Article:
However, for the severely mentally impaired and the mentally ill there are cases where there is little prospect of the patient's condition improving. It may not even be clear whether it can be prevented from deteriorating. The main, and very important, purpose of admission here is to ensure that the patient receives care and support in a therapeutic environment. I do not need to remind the Committee that the only alternative to hospital in such cases would probably be a life in the outside world with which the patient would be patently unable to cope, and I think that Clause 4 as it stands accurately reflects the intention of admission in such cases. I think that I might well have said enough; at least I shall sit down in order to see whether I have.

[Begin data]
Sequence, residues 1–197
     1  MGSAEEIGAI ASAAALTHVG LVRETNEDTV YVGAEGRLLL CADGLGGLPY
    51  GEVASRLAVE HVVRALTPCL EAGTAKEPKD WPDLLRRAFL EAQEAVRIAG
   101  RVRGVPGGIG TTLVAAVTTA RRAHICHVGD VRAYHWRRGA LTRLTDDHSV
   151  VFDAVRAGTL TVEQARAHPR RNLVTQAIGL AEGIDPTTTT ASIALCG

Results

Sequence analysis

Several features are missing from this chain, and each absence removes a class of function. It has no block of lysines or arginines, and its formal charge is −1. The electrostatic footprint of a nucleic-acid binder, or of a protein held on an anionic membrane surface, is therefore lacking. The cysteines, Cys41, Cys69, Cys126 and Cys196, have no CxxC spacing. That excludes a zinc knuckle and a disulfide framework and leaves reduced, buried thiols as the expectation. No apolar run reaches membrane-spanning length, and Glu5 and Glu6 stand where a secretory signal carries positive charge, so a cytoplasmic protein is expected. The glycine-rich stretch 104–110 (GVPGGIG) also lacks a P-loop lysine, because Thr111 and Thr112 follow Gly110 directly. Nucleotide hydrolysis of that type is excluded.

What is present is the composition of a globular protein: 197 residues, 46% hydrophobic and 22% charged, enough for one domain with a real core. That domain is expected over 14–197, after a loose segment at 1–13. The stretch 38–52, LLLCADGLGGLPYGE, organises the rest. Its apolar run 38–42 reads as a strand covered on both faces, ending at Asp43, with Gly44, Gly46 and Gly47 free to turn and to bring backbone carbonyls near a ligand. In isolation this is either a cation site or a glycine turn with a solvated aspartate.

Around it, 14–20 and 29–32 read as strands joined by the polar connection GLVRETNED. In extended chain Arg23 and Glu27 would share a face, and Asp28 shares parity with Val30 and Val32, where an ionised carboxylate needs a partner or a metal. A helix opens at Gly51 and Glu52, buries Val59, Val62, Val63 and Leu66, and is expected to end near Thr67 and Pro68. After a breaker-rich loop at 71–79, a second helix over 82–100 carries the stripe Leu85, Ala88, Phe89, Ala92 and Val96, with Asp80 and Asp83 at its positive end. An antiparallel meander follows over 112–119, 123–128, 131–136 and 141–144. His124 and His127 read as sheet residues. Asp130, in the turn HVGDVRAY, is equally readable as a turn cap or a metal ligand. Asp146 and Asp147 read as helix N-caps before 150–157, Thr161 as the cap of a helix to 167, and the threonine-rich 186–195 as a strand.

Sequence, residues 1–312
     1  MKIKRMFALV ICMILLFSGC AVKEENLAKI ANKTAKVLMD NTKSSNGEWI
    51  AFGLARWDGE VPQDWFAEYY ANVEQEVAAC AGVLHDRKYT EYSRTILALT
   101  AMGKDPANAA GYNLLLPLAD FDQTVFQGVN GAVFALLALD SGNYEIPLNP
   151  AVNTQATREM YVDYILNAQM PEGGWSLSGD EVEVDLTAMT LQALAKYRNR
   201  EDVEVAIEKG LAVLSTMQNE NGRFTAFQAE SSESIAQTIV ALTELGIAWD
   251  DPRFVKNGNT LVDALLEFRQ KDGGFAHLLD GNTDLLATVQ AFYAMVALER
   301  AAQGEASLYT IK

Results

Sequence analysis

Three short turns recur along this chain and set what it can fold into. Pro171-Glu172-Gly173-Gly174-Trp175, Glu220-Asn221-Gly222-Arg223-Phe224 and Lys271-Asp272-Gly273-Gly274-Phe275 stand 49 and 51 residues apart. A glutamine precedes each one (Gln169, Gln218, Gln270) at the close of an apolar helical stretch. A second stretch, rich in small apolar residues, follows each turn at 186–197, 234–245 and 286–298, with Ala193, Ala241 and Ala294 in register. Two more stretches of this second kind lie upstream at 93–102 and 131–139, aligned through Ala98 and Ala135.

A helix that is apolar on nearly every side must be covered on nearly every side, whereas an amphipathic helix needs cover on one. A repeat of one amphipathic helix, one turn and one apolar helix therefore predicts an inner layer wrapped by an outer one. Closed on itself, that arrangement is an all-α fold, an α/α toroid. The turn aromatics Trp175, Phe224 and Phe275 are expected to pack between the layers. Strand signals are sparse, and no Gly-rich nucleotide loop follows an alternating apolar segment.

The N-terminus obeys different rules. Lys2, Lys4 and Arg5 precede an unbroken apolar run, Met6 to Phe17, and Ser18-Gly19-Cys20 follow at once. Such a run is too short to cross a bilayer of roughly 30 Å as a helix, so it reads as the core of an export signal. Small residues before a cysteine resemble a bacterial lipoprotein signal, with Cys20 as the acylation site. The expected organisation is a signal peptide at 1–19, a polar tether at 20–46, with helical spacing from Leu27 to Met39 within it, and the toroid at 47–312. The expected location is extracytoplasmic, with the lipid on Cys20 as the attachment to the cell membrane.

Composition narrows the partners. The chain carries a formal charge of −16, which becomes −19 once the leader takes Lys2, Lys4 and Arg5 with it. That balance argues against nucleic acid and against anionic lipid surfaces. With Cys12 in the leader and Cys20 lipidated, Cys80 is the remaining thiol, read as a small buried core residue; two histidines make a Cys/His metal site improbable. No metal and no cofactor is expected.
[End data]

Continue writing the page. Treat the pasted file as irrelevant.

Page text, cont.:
Lord Wallace of Coslany

I am rather intrigued about this. Personally, I would rather support Amendment No. 22 than the present amendment. I am very concerned about the words inserted in the amendment of the noble Baroness: or to protect others from harm". That can have sinister implications, or perhaps it is meant to cover the kind of situation in which my wife found herself some years ago when a patient leapt out from a bathroom and nearly strangled her when she was a visitor. Alternatively, does it refer to some medical treatment which would remove the possibility of the person committing harm to others? This is very serious and rather sinister, and I am concerned about it. Perhaps the noble Baroness can explain what she means.

Baroness Faithfull